Wednesday, July 20, 2011

A Lament for Chivalry

Chivalry is dead, but second-wave feminism didn’t kill it. It was a casualty of rugged American individualism.* A medieval code of gallantry and honor, chivalry was a mere byproduct of a social structure founded on recognizing one’s God-given role in life and dutifully submitting to it. In contrast, our society is plagued with people who have no sense of social obligation. It’s socially correct to blame a self-absorbed, nearsighted materialistic culture committed to promiscuity and fatalistic eschatology, but I’m naming a different cause: the democratization of our traditionally hierarchical economic, political, and religious systems, a.k.a. free-market “capitalism,” liberal philosophy, and evangelical spiritualism.

With a growing public concern for the individual’s rights, privileges, and wants came a new attitude about living. No one thinks in terms of what preserves society. We’re committed to a neo-Smithian doctrine that says what’s desired by the individual is best for society…theoretically, of course, since in practice we really don’t care what happens to everyone else. How amazing it is that we are starving from lack of altruism in a country known for its astronomically high levels of charitable giving.

Over the last half-century, Miss Manners and others have written books on what we might call “common-sense” or “Golden Rule” manners because society degraded further than even Paul Fussell would have thought possible. Today, middle class Christiandom obsesses with the finer points of European court etiquette while neglecting the weightier matters of the law such as Thou shalt not use argumentum ad hominem against thy neighbor on an online forum. Worse still, our religious leaders, whom we seek to emulate, devote their careers to poking fun at others in a condescending pharisaical manner.** Like the nineteenth century snobs who refused to help “undeserving” single mothers, we use others’ weaknesses as an excuse to mistreat them and exclude them from receiving a welcoming Gospel message. We do this because it makes us feel better about our own failures, and we do this because we have no sense of duty to our fellow man.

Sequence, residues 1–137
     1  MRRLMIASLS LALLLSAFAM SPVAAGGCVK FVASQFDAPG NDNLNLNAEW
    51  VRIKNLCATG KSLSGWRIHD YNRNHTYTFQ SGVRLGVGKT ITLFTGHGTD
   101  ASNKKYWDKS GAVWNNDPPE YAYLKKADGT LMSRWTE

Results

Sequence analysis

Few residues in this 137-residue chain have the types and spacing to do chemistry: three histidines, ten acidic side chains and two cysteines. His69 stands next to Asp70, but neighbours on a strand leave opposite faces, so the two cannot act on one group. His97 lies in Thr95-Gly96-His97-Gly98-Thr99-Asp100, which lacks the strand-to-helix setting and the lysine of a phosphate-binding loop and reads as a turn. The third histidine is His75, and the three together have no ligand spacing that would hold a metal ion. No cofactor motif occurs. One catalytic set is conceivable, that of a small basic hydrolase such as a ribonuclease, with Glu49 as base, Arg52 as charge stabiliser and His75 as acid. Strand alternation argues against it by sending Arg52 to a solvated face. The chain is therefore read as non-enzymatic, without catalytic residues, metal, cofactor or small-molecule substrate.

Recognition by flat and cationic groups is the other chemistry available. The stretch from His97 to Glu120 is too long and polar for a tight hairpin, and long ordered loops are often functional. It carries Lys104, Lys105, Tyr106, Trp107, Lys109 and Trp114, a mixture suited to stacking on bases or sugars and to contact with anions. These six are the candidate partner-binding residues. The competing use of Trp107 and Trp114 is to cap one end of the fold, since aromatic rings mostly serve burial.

Case in point: The lesson of comparing Jane Austin’s Mr. Darcy from Pride and Prejudice with Mr. Knightly from Emma is completely lost on our young men. Helping someone in need (e.g., asking a wallflower to dance) plays second to the pursuit of one’s selfish ambitions (e.g., dancing only with attractive ladies) despite the promise of winning the approval of God (for putting others’ first) and the respect of onlookers (including any pretty ones). The strangest thing is not that this sort of behavior is a regular occurrence but that it’s committed by those who honestly believe themselves to be well-bred, gentlemanly, chivalrous. With white knights like those, who needs dragons?

Since chivalry was first pronounced dead, many have asked how to go about reviving it. No chance of that happening by women acting vulnerable and helpless. This oft-promoted “solution” hasn’t worked. Feminist independence was a reaction to masculine individualism (e.g., the right to drink, gamble, beat and starve one’s family, and not come home at night). Essentially reinstating gender relations of a bygone era doesn’t bring back chivalry. This just sets us back to a point when women accepted the fact it was on life support. The only difference is that today women become more angry faster when no one comes to rescue them. It only takes one dreadful experience to learn that we can’t depend on strangers. Until people learn how to reach out and meet others’ needs first, we can’t teach others to rely on them.

* In case I haven’t made myself clear: Yes, I’m blaming a modern masculinity. Or better put, I’m admonishing the sons of Adam for following his lead.
** Let the record show that I called Mark Driscoll of Mars Hill Church a “Pharisee.”

4 comments:

  1. "poking fun at others in a condescending pharisaical manner"

    Poking fun at others in a condescending manner seems more Messianic than Pharisaical. Show me one good bit of snark from a Pharisee.

    What you're doing here is picking something you don't like (eww!) and describing it as the characteristic behavior of a group for whom your in-group has a herd-dislike. In your defense, this is utterly typical of the feminine mind, and thus excusable as long as you're pretty and can keep a clean house.

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  2. By "pharisaical" I meant "hypocritical," which is certainly not messianic.

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  3. eumaios: Umm...I'm not sure I understand your comment.

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